[PATCH] D58514: Avoid needlessly copying blocks that initialize or are assigned to local auto variables to the heap

John McCall via Phabricator via cfe-commits cfe-commits at lists.llvm.org
Thu Mar 14 11:05:36 PDT 2019

rjmccall added a comment.

In D58514#1429514 <https://reviews.llvm.org/D58514#1429514>, @wuhao5 wrote:

> Hey guys, this is Hao, I am working with Chrome team to sort this issue out.
> In D58514#1428606 <https://reviews.llvm.org/D58514#1428606>, @rjmccall wrote:
> > I remember this coming up 7-8 years ago.  I intentionally decided against doing a copy/release when assigning to `__weak` because if the block wasn't already guaranteed to be copied then it was probably better to crash than to silently assign a value that's about to be deallocated.  Note that copying the block we assign into `wb` doesn't change anything about the block stored in `b`.
> >
> > I don't know why Chromium is building a weak reference to a block in the first place, but assuming they have a good reason to be doing it, they should fix their code to force a copy before forming a weak reference.
> The culprit code is here <https://github.com/google/eDistantObject/blob/0146bd6e1f057160bb80e596c644414e05267e9e/Service/Sources/EDOHostService.m#L295>
> it's true that it can be copied before assigning to the weak var, and I understand the reasoning behind. however, my question is: just from the code itself, each variable has the proper scope and assignment, if the block copy happen automatically, just like what we should expect ARC would do, should it not mutate itself to something else. to be more precise, should the block assigned to the weak var be the same after the block is copied? (and in the code, the block should be moved to the heap after calling -addObject: a few line below.)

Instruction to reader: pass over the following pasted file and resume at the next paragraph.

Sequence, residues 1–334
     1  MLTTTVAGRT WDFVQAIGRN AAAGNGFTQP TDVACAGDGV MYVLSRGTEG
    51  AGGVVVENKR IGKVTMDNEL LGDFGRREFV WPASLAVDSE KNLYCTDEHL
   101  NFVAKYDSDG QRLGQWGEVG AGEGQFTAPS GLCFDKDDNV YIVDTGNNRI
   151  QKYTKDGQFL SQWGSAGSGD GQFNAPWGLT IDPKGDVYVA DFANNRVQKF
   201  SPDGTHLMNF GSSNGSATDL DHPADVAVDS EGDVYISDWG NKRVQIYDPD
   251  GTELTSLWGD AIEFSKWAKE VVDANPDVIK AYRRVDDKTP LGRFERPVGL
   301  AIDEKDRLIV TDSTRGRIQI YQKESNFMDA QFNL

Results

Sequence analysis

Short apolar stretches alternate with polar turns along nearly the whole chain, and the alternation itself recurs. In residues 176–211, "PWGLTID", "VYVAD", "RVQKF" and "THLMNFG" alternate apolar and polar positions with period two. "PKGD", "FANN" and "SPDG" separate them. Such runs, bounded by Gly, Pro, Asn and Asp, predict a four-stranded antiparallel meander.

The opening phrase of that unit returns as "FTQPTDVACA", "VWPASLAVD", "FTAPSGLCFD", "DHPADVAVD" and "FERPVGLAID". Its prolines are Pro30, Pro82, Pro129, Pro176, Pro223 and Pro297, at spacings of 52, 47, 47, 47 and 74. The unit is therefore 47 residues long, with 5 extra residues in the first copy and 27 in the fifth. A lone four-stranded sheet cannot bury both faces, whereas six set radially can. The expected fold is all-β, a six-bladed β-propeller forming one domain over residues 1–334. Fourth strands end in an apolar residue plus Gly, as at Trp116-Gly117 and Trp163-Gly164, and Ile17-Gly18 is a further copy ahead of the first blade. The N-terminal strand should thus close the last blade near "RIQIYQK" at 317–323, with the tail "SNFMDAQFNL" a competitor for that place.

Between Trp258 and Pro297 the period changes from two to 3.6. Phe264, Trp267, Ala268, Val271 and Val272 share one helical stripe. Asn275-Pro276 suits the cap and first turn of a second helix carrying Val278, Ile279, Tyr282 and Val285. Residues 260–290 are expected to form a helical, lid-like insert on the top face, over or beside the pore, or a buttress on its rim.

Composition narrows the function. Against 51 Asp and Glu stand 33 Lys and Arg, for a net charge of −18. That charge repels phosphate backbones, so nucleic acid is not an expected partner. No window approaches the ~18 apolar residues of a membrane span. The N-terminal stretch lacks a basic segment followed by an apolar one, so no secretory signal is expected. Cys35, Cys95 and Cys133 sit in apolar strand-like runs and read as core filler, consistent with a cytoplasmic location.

> so in the end of day, as a user, should we expect the compiler would move the block from stack to heap in time and the variable we hold is consistent?

The specified user model of blocks is that they stay on the stack until they get copied, and there can be multiple such copies.  ARC just automates that process.  So the address of a block is not consistent before you've forced a copy.

I tend to agree that a better user model would have been for blocks to be allocated in one place, without any of this copying business, and for the compiler to make an intelligent decision about stack vs. heap based on how the block is used.  That's the model we've used for closures in Swift.  But that  would've required the compiler to have a better ability to propagate information about how the block was used, which Clang isn't really set up for, and it would've required `noescape` annotations to be introduced and used reliably throughout the SDK, which seemed like a big request at the time.  So it's not how it works.

There is no way in the existing ABI for copying a block to cause other references to the block to become references to the heap block.  We do do that for `__block` variables, but not for block objects themselves.

  rC Clang



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